Information contained in this publication is intended for informational purposes only and does not constitute legal advice or opinion, nor is it a substitute for the professional judgment of an attorney.
On December 14, 2020, the California Department of Health (CDPH) issued guidance shortening the quarantine period from 14 days to 10 days for asymptomatic “close contacts” of an infected individual (those who were within six feet of an infected individual for a cumulative total of 15 minutes or more over a 24-hour period), with or without testing.
The new guidance also permits, during critical staffing shortages, the following categories of essential critical infrastructure workers to return to work after Day 7 from the date of their last exposure if they received a negative PCR test result for COVID-19 from a specimen collected after Day 5:
- Exposed asymptomatic health care workers and
- Exposed emergency response and social service workers who work with clients in the child welfare system or in assisted facilities.
These shortened quarantine periods are intended to align with the Centers for Disease Control and Prevention’s December 2, 2020 Guidance for shortening quarantine periods based on the burdens and risks of non-compliance associated with the longer 14-day quarantine period the CDC had recommended previously.
On the same day of the newly issued CDPH Guidance, Governor Newsom’s Office released an executive order that, among other things, incorporates the shortened quarantine periods set forth in the CDPH’s Guidance to the California Division of Occupational Safety and Health’s (Cal/OSHA)’s Emergency Temporary Standard (ETS)—namely, the provisions dealing with exclusion of COVID-19 cases from the workplace (Section 3205(c)(10)) and return-to-work criteria (Section 3205(c)(11). Those shortened quarantine periods set forth in the CDPH’s Guidance will apply, unless there is a local health order that prescribes a longer exclusion period. Previously, the ETS required close contacts to be quarantined for 14 days after their last known exposure to an infected individual. With the CDPH’s guidance and Governor Newsom’s executive order, employers are permitted to accelerate that period for asymptomatic close contact by discontinuing quarantine after Day 10 of the last exposure, provided the employee adheres to wearing face coverings at all times, and maintains physical distancing of at least six feet through Day 14 at the workplace.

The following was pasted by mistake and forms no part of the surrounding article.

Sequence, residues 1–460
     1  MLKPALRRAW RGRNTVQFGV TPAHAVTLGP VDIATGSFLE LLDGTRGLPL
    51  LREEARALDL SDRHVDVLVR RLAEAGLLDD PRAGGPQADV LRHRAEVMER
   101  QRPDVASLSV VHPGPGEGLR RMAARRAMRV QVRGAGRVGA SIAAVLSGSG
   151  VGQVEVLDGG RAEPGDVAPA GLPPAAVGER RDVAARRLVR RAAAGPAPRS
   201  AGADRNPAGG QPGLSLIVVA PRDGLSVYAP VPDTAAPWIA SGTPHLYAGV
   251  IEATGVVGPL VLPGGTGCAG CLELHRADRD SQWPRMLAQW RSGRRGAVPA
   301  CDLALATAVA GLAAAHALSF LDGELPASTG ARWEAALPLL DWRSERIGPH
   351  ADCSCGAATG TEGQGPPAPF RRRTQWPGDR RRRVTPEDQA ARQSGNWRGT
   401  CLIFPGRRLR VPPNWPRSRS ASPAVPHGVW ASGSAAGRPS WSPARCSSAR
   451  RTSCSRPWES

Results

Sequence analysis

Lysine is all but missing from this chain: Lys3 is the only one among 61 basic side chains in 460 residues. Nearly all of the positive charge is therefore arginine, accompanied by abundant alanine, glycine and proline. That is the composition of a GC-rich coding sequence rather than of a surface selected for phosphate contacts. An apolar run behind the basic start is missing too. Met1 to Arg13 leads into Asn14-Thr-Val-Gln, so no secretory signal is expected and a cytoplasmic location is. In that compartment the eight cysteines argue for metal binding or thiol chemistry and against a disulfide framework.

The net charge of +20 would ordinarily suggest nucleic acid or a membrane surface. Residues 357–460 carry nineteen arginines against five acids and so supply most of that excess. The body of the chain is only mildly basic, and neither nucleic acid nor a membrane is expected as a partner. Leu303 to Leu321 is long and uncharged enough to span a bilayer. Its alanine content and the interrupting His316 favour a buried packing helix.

The CDPH’s Guidance and Governor Newsom’s order provide some clarity in aligning the ETS with CDC guidance and a modicum of relief for employers struggling with productivity losses due to exclusions, particularly those engaged in critical infrastructure work such as health care, emergency response and social work. Despite all this, the ETS continue to present numerous compliance and operational challenges for employers.
Employers with questions or concerns about the Emergency Temporary Standard, AB-685 (which goes into effect January 1, 2021), the CDPH’s New Guidance, or Governor Newsom’s executive order, should contact their attorney specializing in workplace safety and health.